The latest plot twist in the endless historical saga of Afghanistan as a graveyard of empires has thrown up an intriguing new chapter. For the past two months, Beijing and Kabul have been discussing the possibility of setting up a military base alongside Afghanistan’s border with China.
“We are going to build it [the base] and the Chinese government has committed to help financially, provide equipment and train Afghan soldiers,” Mohammad Radmanesh, a spokesman for the Afghan Ministry of Defense, admitted to the AFP.
“We are going to build it [the base] and the Chinese government has committed to help the division financially, provide equipment and train the Afghan soldiers,” he added.
On the record, the Chinese Foreign Ministry only admitted that Beijing was involved in “capacity-building” in Afghanistan, while NATO’s Resolute Support Mission, led by the United States, basically issued a “no comment.”
The military base will eventually be built in the mountainous Wakhan Corridor, a narrow strip of territory in northeastern Afghanistan that extends to China and separates Tajikistan from Pakistan.
It is one of the most spectacular, barren and remote stretches of Central Asia and according to local Kyrgyz nomads, joint Afghan-Chinese patrols are already active there. True to Sydney Wignall’s fabled Spy on the Roof of the World ethos, a great deal of shadow play is in effect. Apparently, this is basically about China’s own war on terror.
Beijing’s strategic priority is to prevent Uyghur fighters of the East Turkestan Islamic Movement (ETIM), who have been exiled in Afghanistan, crossing the Wakhan Corridor to carry out operations across Xinjiang, an autonomous territory in northwest China. There is also the fear that ISIS or Daesh jihadis from Syria and Iraq may also use Afghanistan as a springboard to reach the country.
Even though the jihad galaxy may be split, Beijing is concerned about ETIM. As early as September 2013, the capo of historic al-Qaeda, Ayman al-Zawahiri, supported jihad against China in Xinjiang.
Later, in July 2014, Abu Bakr Al-Baghdadi, the leader of Daesh said: “Muslim rights [should be] forcibly seized in China, India and Palestine.” Then, on March 1, 2017, Daesh released a video announcing its presence in Afghanistan, with the terror group’s Uyghur jihadis vowing, on the record, to “shed blood like rivers” in Xinjiang.
At the heart of the matter is China’s Belt and Road Initiative, or the New Silk Road, which will connect China with Asia, Africa, the Middle East and Europe.
For Beijing, the stability of one of its links, the $57 billion China-Pakistan Economic Corridor (CPEC), is seriously compromised if terror threats abound in Central and South Asia. It could also affect China’s sizable investments in Afghanistan’s mineral mining industry.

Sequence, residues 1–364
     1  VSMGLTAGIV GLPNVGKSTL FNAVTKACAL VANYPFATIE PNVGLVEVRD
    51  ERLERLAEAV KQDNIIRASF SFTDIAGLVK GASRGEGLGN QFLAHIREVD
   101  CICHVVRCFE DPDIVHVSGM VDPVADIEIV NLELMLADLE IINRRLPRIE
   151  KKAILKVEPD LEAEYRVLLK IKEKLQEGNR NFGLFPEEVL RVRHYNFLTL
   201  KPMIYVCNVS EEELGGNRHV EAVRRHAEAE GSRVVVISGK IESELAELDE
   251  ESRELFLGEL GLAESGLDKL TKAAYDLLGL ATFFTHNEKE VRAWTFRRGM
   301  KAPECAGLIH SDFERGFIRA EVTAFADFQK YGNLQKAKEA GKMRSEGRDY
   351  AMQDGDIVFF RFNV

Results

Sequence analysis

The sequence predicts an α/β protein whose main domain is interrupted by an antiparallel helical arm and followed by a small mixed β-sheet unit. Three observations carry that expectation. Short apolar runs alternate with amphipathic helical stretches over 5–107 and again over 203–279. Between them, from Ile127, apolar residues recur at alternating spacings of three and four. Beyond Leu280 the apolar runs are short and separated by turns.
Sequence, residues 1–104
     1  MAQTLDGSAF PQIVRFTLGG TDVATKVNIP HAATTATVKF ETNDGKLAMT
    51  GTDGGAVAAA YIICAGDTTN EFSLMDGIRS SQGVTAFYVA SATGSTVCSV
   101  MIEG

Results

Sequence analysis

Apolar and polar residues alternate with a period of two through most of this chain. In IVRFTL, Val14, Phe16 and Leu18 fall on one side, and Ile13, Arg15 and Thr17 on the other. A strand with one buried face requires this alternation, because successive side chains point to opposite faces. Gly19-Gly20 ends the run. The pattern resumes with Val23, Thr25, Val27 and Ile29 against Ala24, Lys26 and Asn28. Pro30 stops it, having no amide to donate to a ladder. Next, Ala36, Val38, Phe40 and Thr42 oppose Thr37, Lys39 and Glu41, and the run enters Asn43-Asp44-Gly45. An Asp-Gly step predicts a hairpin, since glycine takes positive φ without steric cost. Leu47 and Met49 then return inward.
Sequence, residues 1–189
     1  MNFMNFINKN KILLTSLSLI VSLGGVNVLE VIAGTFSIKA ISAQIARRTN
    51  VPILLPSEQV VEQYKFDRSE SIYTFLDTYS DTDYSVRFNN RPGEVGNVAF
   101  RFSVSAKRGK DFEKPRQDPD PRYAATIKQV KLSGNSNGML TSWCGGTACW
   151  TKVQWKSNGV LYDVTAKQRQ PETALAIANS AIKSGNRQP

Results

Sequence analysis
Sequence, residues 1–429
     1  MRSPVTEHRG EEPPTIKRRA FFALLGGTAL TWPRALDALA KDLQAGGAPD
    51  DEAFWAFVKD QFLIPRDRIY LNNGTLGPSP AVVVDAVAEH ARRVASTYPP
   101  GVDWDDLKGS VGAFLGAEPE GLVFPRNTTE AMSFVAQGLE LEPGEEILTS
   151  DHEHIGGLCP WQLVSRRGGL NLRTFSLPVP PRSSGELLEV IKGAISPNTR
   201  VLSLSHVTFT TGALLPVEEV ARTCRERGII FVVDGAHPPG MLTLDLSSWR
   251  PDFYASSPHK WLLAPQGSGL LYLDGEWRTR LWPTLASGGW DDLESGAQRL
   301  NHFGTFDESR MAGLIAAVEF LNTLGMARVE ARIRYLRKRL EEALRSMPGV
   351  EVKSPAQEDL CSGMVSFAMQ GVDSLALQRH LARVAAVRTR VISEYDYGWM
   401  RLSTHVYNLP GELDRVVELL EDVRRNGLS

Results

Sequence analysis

The Chinese and Russian strategies are similar. After all, they have been discussed at every meeting of the Shanghai Cooperation Organization (SCO), of which Afghanistan is an observer and future full member. For the Russia-China partnership, the future of a peaceful Afghanistan must be decided in Asia, by Asians, and at the SCO.
In December, Russian Foreign Minister Sergey Lavrov told diplomats from fellow BRICS (Brazil, Russia, India, China and South Africa) member India that Moscow favors talking to the Taliban. He said this was the only way to reduce the risk of terror operations emanating from Afghanistan to Central Asia.
The question is which Taliban to talk to. There are roughly two main factions. The moderates favor a peace process and are against jihadism, while the radicals, who have been fighting the US and NATO-supported government in Kabul.
Moscow’s strategy is pragmatic. Russia, Iran, India, Afghanistan and the Central Asian “stans” have reportedly held meetings to map out possible solutions. China, meanwhile, remains an active member of the Quadrilateral Coordination Group (QCG) promoting a peace deal and reconciliation process which will include the Kabul and the Taliban.
Beijing’s multi-pronged strategy is now clear. Ultimately, Afghanistan must become integrated with CPEC. In parallel, Beijing is counting on using its “special relationship” with Pakistan to maneuver the Taliban into a sustainable peace process.
The appointment of Liu Jinsong as the new Chinese ambassador to Kabul is significant. Liu was raised in Xinjiang and was a director of the Belt and Road Initiative’s $15 billion Silk Road Fund from 2012 to 2015. He knows the intricacies of the region.
Even before Liu’s arrival, the Chinese Foreign Minister, Wang Yi, had announced that Beijing and Islamabad would extend CPEC to Kabul with six projects selected as priorities. They included a revamped Peshawar-Kabul highway and a trans-Afghan highway linking Pakistan, Afghanistan and Central Asia.
Of course, that would neatly fall into place with a possible Chinese military base in Gwadar port in Pakistan, the Arabian Sea terminal of CPEC, and one in the Wakhan corridor.
Now, compare the Russia-China approach with Washington’s strategy. President Donald Trump’s foreign policy involves defeating the Taliban on the ground before forcing them to negotiate with Kabul. With the Taliban able to control key areas of Afghan territory, the Trump administration has opted for a mini-surge.
That may be as “successful” as President Obama’s much-touted 2009 surge. The US government has never made public any projection for the total cost of the invasion and occupation of Afghanistan.
But according to the Dec. 8, 2014 version of a Congressional Research Service document – the latest to be made public – it had spent up until then, $1.6 trillion on the invasion and military occupation of Iraq and Afghanistan. Which brings us to the question: Why does the US remain in Afghanistan?
After more than a trillion dollars lost and nothing really to show for it, no wonder all eyes are now on Beijing to see if China can come up with a ‘win-win’ situation.